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So, I was having lunch with someone the other day and I mentioned offhand that entry-level management consultants and investment bankers got almost double what a entry-level public servant gets. My friend tells his friend (who doesn’t know me) that I said it so gleefully because I’m not a big fan of government. The next day, someone asks me… so what’s with all these facebook statuses complaining about the government (and in particular, Barack Obama)?

Hmm… so it looks like I have a bit of an image problem. Yes, yes, I know I’m a big fan of privatisation and of minimising bureaucracy and taxes. Yes, yes, I have a strong libertarian streak to my political beliefs, but I don’t consider myself an opponent of government. In fact, I’m rather a fan of it. It’s the most efficient way of fixing many of the world’s problems. Poverty can’t be fixed by market forces alone because of the poverty cycle. Government needs to work with the market by providing an open and cheap education system to (at least) the majority of the poor that will actually educate them rather than give the pretense of educating them. Government has a role to play in infrastructure development, pushing new societal goals and nudging cultural change where rights are being infringed.

The thing, I guess, that irks me most is that I’m a big fan of Barack Obama. He is the most rational president that America has had in a long time, and he ranks alongside Clinton in believing in evidence-based policies and in the art of the possible. I would probably rank him amongst my three favourite presidents (with Jefferson and Clinton). The problem is, that I disagree vocally with some of his policies and his methodologies. The Economic Recovery Act (ie the bailout and the stimulus package) was absolutely necessary to save America from an even bigger recession but large parts of it were implemented badly. There is increasing regulation reducing flexibility in the financial system that reduces its ability to respond to future crises. One big regulator should have been appointed to oversee the entire system, and that regulator should have been the Federal Reserve. But overall, I am rather a fan of Obama’s response. His decision to extend the TALF to auto loans and student loans was interesting, as was his decision to have a general bailout rather than targetting specific banks (like the UK government did). The latter decision proved the wiser and more effective choice as the UK government tries to extricate itself from both RBS and Northern Rock (and as the US government tries to extricate itself from AIG).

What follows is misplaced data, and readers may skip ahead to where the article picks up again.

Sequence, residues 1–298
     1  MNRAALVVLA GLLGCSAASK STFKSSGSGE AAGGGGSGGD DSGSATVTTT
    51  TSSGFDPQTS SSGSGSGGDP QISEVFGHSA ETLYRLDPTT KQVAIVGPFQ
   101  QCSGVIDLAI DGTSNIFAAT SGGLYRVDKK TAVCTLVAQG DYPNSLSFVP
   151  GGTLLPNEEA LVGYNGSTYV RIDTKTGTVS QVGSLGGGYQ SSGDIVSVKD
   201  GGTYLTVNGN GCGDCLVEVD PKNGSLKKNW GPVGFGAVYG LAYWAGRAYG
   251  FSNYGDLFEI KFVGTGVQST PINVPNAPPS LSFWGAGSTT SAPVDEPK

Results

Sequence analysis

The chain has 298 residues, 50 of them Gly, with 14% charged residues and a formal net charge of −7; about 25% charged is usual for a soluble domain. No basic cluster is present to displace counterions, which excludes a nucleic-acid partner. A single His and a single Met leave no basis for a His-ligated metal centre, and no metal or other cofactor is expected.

My criticisms are not usually directed at the Obama Administration itself. If I have a criticism, it’s that he isn’t taking on the mantle of leader of the Democratic Party and that isn’t coalescing them around him. My criticism is directed at Congress – both houses and both sides of the aisle have failed the American people, and the people of the world. Their inability to reform health care after a year of debate is pathetic. Their attempts to fix the financial system have been tenuous at best. They targetted credit card companies… yes they played a role, but the tiniest ever role in this crisis. Why haven’t you fixed the giant hole in your regulatory system? Why haven’t you reinstated Glass-Steagall yet?